When Congress offered to build homes for the Indians upon reasonably good land where they would stay, Cheyenne warrior Satanta replied,

“This building of homes for us is nonsense.  We don’t want you to build homes for us. We would all die.  My country is small enough already. If you build us houses, I know that our land would be smaller.  Why do you insist on this?

  • Medicine Lodge Peace Commission (MLPC) talks

**********

I was born on the prairies, where the wind blew free and there was nothing to break the light of the sun.  i live like my fathers before me, and like them, I live happy.

  • Comanche Chief Ten Bears, MLPC — this speech did not please those from other tribes, however, as they accused Ten Bears for his “womanly manner” of  “talking of everything to death.”

***********

You think you are doing a great deal for us by giving us these presents, yet if you gave all the goods you could give, still we would prefer our own life.  You give us presents, then take our lands. That produces war. I have said all there is to say.

  • Cheyenne Chief Buffalo Chip

**********
At the conclusion of the MLPC meeting, there was this exchange between General Sheridan and a Congressional Indian Agent:

Agent: When the guns arrive [guns were promised to the Indians as part of the peace negotiations] may i distribute them to the Indians?

Sheridan: Yes, give them arms, and if they go to war with us, the soldiers will kill them honorably.

Buffalo Chip: Let your soldiers grow long hair, so that we may have some honor in killing them.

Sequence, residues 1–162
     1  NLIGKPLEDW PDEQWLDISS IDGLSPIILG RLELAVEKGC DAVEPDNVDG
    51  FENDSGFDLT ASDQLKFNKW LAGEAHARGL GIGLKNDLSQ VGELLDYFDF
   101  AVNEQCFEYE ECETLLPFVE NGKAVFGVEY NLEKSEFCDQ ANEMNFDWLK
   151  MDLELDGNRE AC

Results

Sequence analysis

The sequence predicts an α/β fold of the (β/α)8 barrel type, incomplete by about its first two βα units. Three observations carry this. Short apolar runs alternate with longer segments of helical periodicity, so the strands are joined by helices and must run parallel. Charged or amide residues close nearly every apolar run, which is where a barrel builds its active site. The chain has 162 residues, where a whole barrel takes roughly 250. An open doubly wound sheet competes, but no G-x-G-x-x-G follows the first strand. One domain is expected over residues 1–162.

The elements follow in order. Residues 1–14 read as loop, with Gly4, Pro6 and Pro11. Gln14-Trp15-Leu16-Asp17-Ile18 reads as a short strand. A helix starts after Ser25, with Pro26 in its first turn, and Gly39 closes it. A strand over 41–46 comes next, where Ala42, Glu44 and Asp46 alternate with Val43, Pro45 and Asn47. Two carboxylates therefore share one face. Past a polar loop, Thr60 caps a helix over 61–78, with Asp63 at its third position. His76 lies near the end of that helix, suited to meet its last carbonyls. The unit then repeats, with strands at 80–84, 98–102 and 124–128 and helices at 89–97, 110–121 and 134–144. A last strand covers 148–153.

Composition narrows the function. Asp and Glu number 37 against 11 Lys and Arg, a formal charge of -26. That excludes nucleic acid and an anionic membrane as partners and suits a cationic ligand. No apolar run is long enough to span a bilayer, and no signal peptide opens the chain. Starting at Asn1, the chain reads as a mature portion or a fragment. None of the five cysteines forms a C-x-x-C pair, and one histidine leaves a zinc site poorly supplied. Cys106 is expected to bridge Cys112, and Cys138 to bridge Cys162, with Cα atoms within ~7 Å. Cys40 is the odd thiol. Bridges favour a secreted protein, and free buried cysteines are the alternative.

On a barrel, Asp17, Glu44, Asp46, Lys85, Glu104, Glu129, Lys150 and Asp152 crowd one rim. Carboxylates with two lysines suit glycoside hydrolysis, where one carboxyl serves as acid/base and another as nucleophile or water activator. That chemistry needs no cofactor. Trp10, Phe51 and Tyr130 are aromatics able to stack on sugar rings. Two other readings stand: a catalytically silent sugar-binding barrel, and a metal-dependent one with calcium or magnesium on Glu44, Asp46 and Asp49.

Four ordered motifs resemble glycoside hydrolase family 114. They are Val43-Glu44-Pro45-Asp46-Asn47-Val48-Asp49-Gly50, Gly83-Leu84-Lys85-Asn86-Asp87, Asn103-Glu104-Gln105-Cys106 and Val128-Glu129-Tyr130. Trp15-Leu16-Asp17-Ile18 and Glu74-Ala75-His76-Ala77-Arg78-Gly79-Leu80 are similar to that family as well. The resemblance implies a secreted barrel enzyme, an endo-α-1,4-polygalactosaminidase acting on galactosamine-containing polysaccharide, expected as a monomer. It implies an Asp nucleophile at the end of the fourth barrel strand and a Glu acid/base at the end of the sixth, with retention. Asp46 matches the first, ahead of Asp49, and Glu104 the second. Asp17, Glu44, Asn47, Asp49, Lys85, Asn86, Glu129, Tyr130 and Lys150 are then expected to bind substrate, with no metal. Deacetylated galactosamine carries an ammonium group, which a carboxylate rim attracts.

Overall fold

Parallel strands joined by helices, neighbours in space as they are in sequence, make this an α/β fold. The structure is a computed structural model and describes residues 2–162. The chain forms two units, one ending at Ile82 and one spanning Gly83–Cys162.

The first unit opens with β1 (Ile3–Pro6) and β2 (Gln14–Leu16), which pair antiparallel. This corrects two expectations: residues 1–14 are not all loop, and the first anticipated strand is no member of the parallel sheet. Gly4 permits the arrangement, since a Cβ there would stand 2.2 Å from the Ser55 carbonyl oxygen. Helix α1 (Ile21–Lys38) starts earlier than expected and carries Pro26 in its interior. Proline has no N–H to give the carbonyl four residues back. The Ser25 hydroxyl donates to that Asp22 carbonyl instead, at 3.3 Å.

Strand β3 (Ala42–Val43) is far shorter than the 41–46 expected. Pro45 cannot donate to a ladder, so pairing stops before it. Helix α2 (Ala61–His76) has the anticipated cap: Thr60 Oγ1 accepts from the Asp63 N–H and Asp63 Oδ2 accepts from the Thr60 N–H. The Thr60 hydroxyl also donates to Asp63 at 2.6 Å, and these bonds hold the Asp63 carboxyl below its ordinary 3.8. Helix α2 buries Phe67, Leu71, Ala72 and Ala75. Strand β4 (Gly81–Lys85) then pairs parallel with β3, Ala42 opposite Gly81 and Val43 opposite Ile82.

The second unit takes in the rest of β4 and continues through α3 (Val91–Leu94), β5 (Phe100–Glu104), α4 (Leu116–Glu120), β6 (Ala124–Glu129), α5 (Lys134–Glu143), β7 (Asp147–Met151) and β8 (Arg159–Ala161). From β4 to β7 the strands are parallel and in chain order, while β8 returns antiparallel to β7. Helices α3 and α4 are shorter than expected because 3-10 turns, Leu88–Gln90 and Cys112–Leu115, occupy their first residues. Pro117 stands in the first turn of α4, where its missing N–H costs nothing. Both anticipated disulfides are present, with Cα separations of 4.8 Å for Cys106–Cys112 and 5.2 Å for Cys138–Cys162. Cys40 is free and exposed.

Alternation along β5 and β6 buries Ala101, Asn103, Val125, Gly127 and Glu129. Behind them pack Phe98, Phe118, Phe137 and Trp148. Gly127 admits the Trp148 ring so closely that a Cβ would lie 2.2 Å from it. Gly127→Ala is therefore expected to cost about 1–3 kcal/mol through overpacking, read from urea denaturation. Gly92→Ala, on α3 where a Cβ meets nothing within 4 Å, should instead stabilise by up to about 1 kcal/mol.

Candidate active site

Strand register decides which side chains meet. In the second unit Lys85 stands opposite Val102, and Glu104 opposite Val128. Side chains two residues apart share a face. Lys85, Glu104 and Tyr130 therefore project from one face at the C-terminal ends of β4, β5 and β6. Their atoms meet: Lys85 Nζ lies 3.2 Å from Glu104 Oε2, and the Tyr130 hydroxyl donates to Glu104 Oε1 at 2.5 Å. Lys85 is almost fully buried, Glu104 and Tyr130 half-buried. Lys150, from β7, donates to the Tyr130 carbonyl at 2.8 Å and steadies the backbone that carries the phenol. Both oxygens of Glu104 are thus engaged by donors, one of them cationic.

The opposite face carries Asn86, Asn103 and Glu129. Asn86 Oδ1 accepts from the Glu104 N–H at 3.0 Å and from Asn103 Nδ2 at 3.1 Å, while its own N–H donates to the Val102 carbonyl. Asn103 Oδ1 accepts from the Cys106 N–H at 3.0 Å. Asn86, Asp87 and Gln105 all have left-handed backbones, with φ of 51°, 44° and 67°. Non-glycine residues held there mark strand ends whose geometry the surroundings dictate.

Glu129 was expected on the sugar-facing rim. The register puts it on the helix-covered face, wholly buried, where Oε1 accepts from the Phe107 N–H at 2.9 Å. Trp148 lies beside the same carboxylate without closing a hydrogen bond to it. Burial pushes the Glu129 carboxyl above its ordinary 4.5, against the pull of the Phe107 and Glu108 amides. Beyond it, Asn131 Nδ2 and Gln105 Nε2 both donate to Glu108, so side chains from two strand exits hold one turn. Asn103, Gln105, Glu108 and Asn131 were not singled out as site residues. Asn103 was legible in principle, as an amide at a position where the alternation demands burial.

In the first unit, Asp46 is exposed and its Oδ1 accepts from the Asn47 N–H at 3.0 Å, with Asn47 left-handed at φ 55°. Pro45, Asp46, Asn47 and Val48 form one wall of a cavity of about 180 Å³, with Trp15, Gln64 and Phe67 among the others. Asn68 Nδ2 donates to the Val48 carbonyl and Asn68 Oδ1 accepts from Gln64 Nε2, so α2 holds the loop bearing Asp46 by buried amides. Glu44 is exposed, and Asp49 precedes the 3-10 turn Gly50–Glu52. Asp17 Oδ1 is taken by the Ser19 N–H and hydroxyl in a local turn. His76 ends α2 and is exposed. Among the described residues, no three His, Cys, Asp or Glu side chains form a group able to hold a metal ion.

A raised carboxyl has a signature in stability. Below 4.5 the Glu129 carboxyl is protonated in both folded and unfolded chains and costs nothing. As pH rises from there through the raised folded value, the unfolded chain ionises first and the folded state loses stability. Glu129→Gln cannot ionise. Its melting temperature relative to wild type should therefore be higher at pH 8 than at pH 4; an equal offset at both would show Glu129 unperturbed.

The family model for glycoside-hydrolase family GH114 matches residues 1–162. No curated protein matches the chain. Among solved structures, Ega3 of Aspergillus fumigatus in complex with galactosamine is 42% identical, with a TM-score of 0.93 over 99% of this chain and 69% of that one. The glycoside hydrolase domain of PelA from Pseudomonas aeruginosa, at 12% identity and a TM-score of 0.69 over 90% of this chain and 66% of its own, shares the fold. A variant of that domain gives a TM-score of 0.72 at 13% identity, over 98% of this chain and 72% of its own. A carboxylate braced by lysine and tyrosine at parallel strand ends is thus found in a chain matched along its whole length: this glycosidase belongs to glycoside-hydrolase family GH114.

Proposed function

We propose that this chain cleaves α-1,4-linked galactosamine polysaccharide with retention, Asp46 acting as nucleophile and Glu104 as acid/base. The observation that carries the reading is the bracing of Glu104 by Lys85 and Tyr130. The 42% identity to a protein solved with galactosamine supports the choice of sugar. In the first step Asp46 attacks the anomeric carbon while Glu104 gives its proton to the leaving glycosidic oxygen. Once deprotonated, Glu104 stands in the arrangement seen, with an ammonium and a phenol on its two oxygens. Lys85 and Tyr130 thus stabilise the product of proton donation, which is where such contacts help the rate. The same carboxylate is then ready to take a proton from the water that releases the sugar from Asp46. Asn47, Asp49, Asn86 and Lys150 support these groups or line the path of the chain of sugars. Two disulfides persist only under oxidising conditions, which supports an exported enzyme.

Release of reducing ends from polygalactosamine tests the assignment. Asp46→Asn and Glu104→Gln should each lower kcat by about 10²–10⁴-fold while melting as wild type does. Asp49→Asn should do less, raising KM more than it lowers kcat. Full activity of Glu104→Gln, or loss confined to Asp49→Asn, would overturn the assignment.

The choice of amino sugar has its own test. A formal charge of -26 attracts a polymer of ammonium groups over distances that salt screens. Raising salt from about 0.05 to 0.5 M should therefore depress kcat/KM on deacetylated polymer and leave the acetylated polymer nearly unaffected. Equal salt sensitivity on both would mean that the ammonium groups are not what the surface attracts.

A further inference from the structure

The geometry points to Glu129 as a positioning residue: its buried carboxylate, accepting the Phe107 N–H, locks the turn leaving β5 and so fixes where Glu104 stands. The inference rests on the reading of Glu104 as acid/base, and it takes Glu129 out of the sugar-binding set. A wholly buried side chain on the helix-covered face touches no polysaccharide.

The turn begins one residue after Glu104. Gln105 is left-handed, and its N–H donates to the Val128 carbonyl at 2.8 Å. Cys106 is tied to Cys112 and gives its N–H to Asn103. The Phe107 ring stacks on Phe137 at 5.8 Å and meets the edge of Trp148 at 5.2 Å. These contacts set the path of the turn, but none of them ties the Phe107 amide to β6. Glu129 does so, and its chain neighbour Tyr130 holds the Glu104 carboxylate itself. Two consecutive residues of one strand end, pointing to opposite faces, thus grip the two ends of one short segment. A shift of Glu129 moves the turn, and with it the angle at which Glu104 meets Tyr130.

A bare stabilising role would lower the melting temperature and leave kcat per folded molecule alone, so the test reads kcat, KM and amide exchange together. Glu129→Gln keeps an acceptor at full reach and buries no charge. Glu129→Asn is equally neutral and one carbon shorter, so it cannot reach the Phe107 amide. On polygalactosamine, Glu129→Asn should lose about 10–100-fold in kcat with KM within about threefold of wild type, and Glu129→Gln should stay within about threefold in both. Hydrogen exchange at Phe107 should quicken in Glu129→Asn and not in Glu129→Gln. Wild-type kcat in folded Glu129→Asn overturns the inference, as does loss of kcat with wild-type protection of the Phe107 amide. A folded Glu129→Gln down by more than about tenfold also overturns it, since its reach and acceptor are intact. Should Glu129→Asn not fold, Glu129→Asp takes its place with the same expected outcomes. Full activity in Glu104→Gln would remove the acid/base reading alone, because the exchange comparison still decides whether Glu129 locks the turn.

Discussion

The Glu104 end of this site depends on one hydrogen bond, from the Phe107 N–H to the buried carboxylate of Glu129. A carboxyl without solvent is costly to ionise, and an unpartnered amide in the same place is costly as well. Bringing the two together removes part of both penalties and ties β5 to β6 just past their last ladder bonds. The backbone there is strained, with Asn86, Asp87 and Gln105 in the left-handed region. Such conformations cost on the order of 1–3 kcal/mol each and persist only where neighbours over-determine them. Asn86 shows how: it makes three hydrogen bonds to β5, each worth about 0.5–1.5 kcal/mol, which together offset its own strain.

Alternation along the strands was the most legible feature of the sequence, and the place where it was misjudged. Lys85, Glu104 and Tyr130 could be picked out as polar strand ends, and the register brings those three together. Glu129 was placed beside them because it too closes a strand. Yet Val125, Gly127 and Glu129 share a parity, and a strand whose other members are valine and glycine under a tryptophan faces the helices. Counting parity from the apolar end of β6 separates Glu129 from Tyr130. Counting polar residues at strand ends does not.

*********

The more I see of these Indians, the more I become convinced that they all have to be killed or maintained as a species of paupers.  Their attempts at civilization are simply ridiculous.

  • General Sherman, said after continuing incursions by Arapaho and Cheyenne on the “Smoky Hill” region left 79 dead civilians, 13 women raped, and thousands of livestock destroyed or scattered

******

The white man never lived who truly loved the Indian, and no true Indian ever lived that did not hate the white man.

  • Lakota chief Sitting Bull

*******

When Cheyenne “Dog Soldiers” raided white settlements (including kidnapping and execution of white women), Sheridan used Pawnee warriors to help track them down.  They caught them at a place called Seven Springs, and the Pawnee killed the Cheyenne indiscriminately without mercy. One Cheyenne survivor of the raid said, “I do not blame the Pawnee for killing our women and children.  As far back as I remember the Cheyenne and Sioux slaughtered every male, female, and child we found of the Pawnee. Each hated the other with savage hearts that know only total war.